This guest post was written by Peak Performance intern Emily Reader, a Senior at Olivet Nazarene University majoring in Exercise Science.
When the body takes on a serious injury it needs time to start the healing process and restore to a fully functioning body again. Many factors play into how well the body recovers. The healing process can be positively reinforced through physical and also nutritional habits. Yes, that’s right! Nutrition plays a huge role in healing from an injury! Surprised? The body uses the food you consume to complete all stages of an injury. Here we will list some main ideas to help you through the healing stages of your injury.
Drink lots of Water! This will help to keep the body hydrated during physical therapy and keep fluids moving throughout the body. Try to drink 6-8, 8oz glasses of water each day.
Eat Carbohydrates that provide a good energy source. This allows the body to have ample fuel for daily bodily functions and also supply energy for healing the injury. Try and eat carbs throughout the day.
- whole grain
Protein is your friend! Protein will help to restore and recover muscles after rigorous use or injury. It is best to consume protein after exercise or physical therapy.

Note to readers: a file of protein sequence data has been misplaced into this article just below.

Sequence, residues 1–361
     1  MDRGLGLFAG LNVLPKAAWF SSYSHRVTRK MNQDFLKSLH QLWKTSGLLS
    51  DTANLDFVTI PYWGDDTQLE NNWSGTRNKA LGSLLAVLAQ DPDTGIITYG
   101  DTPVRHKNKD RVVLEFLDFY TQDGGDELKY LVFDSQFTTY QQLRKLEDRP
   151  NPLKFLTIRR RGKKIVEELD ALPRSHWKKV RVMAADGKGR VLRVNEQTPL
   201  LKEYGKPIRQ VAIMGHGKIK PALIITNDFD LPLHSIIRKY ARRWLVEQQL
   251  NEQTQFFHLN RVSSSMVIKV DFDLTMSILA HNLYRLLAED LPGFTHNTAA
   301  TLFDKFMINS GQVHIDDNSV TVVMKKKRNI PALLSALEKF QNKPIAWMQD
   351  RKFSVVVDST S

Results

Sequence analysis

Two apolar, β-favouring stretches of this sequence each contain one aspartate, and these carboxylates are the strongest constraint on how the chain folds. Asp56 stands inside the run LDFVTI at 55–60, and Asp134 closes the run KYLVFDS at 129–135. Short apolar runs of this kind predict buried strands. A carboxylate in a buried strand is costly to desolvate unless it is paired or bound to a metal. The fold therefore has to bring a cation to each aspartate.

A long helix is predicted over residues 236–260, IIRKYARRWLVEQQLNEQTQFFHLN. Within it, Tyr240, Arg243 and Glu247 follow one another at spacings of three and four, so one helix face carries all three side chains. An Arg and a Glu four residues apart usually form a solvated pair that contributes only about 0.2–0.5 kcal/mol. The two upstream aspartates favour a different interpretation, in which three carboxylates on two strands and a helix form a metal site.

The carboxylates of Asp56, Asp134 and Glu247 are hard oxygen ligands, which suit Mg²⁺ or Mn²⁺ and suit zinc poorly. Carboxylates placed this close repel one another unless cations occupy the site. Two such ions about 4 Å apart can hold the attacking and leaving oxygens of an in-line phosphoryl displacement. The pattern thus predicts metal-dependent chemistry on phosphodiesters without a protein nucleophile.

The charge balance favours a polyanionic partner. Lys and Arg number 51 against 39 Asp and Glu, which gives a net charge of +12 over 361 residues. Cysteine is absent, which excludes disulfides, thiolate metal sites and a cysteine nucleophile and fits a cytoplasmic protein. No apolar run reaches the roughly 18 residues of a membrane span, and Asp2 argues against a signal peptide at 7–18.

- lean meats
- greek yogurt
- cottage cheese
Eat “good fats”! Healthy fats can help to reduce inflammation. Fats can be eaten throughout the day but try to avoid eating them directly before exercise because they can give a “sluggish” feeling.
- peanut butter
- Olive oil
Don’t forget about Vitamins and Minerals! These each have their own purpose. They can be consumed throughout the day in the foods you eat.
- Vitamin C-helps to reform skin and protect from infection. Found in citrus fruits such as oranges and grapefruits
- Vitamin D- Builds up strong bones when combined with calcium. Found in milk. (And sunshine of course!)
- Vitamin E- helps to reduce swelling and bruising in affected area. Found in
- Vitamin A- helps with bone reformation. Can be found in
- Zinc-Helps make the new skin strong. Found in seafood and Zinc
- Iron- Main component of blood which travels through injured area to heal the wound. Found in spinach, red meats, and eggs
- Calcium- Builds strong bones when combined with calcium. Found in milk and dark leafy green foods.
Myth! “Eat fewer calories so you don’t gain weight.” This is false! The body actually needs more calories than a non-exercising healthy person. Believe it or not the injury process requires more energy from the body which in turn requires more calories to be consumed. Try to consume about the same amount of calories you currently do now and maybe a bit more even.
Cues for a healthy diet!
- Try to eat meals containing all or majority of the nutrients above.
- Cut all “empty calorie” foods from your diet! They won’t benefit the healing process. This includes fried foods, high sugar drinks, and desserts, etc.
- Choose a variety of fruits and vegetables. This will help to assure you are getting plenty of different vitamins and minerals in your system.
- If you are a picky eater, supplement your meals with multivitamins, shakes, or enriched drinks.